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The final guidance document was issued to assist bio/pharma companies in the clinical development and licensure of COVID-19 vaccines.
FDA announced on Oct. 19, 2023 that it had issued the final guidance, Development and Licensure of Vaccines to Prevent COVID-19, to help sponsors with the clinical development and licensure of COVID-19 vaccines. The document does not address every consideration for satisfying requirements because some vaccines may need specific data, according to the agency. The final guidance reflects FDA’s current thinking on the issue.
“Given the need to ensure that sponsors are aware of our current recommendations to facilitate timely development of vaccines to prevent COVID-19, this guidance is being implemented without prior public comment because FDA has determined that prior public participation for this guidance is not feasible or appropriate (see section 701(h)(1)(C) of the Federal Food, Drug, and Cosmetic Act (FD&C Act), (21 U.S.C. 371(h)(1)(C)), and 21 CFR 10.115(g)(2)). This guidance document is being implemented immediately, but it remains subject to comment in accordance with the Agency’s good guidance practices,” the agency stated in the document.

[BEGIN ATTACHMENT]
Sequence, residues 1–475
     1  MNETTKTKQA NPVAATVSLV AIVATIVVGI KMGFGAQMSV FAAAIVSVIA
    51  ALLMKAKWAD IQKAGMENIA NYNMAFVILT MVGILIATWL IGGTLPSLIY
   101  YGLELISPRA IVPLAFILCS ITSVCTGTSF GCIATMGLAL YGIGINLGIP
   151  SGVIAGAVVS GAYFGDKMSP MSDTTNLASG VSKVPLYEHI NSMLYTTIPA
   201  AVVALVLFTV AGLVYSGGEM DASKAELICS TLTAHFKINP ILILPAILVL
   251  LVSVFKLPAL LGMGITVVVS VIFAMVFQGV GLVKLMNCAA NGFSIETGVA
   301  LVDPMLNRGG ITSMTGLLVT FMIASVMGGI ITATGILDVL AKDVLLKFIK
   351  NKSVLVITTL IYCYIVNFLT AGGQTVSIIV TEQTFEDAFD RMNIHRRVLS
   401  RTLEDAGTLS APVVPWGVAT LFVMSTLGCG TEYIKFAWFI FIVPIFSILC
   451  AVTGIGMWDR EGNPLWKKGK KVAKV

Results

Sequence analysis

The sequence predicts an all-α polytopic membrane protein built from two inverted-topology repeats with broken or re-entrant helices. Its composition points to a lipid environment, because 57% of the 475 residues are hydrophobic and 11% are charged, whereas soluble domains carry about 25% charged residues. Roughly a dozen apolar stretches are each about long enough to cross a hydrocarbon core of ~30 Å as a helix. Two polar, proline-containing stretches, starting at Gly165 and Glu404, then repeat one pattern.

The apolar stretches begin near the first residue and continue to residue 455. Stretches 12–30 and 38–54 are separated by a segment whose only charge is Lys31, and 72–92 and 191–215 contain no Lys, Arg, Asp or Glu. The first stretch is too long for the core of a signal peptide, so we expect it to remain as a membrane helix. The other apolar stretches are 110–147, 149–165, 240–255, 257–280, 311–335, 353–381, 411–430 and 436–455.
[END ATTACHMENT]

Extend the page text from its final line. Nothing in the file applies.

The final guidance explains key considerations for chemistry, manufacturing, and controls including facilities and inspections; nonclinical data, such as toxicity studies; clinical trials, such as trial populations and trial design; post-licensure safety evaluations; and diagnostic and serological assays. In addition, the guidance discusses other safety considerations that should be addressed including demonstrating effectiveness, surrogate endpoints, and adequate datasets. “If it is no longer possible to demonstrate vaccine effectiveness by way of conducting clinical disease endpoint efficacy studies, the use of a controlled human infection model to obtain evidence to support vaccine efficacy may be considered. However, many issues, including logistical, human subject protection, ethical, and scientific issues, would need to be satisfactorily addressed,” FDA stated in the guidance.